BMW Goes Bigger Than Ever with Three-row 2020 X7
New X7 flagship SUV offers turbocharged I6 and V8 power plants and semi-autonomous driving features.
Times of crisis reveal character. In the automotive world, times of opportunity reveal holes in an automaker’s lineup. The boom in the popularity of family haulers in recent years has made it clear to certain manufacturers which gaps they need to fill in their portfolios. Lexus now offers a two-row version of the LX 570 and a three-row model of the RX. BMW has made the X1, X2, X3, X4, X5, and X6 for buyers looking for space and utility in a variety of shapes and sizes. Now it’s finally making a full-size three-row SUV (Sports Activity Vehicle in BMW speak): the 2020 X7.
MotorWeek‘s Greg Carloss recently experienced BMW’s newest flagship people carrier for the first time on a road trip from Tallahassee, Florida to Baton Rouge, Louisiana. It’s available in two configurations. Carloss says, “The standard setup includes second-row bench seating, which maximizes passenger capacity at seven people – two in the front, three in the second row, and two in the third row.” The optional layout replaces the middle bench with two captain’s chairs.
The power sliding middle seats enable relatively easy access to the rearmost seats. Carloss has a decent amount of legroom back there, but the standard glass roof cuts into available headroom. However, Carloss adds, “Anyone six feet and under should be just fine.”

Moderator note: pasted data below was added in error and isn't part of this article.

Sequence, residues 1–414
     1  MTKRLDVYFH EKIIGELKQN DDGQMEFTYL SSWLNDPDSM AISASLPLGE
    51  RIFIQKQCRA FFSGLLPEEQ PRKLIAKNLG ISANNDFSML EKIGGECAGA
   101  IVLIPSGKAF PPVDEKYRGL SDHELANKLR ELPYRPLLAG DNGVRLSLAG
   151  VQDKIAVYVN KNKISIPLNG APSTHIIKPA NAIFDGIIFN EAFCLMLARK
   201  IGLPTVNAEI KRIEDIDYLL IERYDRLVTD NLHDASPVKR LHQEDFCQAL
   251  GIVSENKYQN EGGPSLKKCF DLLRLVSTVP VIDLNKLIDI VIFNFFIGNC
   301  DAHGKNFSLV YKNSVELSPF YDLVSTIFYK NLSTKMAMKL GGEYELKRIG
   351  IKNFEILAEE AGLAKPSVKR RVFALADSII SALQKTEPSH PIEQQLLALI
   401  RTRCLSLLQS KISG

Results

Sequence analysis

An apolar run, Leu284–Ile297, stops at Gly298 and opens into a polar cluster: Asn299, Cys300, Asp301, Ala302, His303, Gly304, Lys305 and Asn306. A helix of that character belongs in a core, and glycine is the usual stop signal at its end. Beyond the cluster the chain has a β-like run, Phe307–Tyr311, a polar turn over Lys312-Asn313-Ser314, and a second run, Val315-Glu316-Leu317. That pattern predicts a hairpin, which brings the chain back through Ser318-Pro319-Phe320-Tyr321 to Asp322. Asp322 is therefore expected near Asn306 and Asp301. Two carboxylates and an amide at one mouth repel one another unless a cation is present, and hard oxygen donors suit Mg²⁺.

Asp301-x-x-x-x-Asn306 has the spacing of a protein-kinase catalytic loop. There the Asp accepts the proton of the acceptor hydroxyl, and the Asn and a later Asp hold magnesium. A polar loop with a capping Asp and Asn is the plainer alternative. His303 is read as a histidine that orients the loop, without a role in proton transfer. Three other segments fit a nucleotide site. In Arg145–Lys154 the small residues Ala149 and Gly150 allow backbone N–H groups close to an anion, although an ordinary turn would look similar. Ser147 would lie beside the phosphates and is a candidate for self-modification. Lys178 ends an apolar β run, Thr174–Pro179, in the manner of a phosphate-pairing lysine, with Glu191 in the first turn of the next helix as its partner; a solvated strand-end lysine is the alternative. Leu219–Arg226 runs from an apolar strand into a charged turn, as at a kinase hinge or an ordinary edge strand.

The entry-level X7 xDrive40i comes standard with a single-turbo I6 that produces 335 horsepower and 330 lb-ft of torque. A twin-turbo 4.4-liter V8 with 456 horsepower and 479 lb-ft of torque gets the X7 xDrive50i down the road. Both models feature BMW’s xDrive all-wheel drive system and an eight-speed automatic transmission that incorporates information from the GPS system and cameras to read the road ahead and shift accordingly.
To make commuting and long trips easier, the X7 is available with advanced hands-free driving technologies, which BMW calls Active Driving Assisted Professional and Extended Traffic Jam Assistant. They’re optional on the base model and standard on the top-level X7. According to Carloss, “The system is capable of changing lanes at highway speeds and taking over in traffic jam situations under 38 mph without requiring the driver’s hands on the wheel. However, the driver must be looking forward and paying attention.”
Look for the X7 in BMW dealerships this month. The entry-level model has a base price of $73,900; the V8-powered X7 has a starting price of $92,600.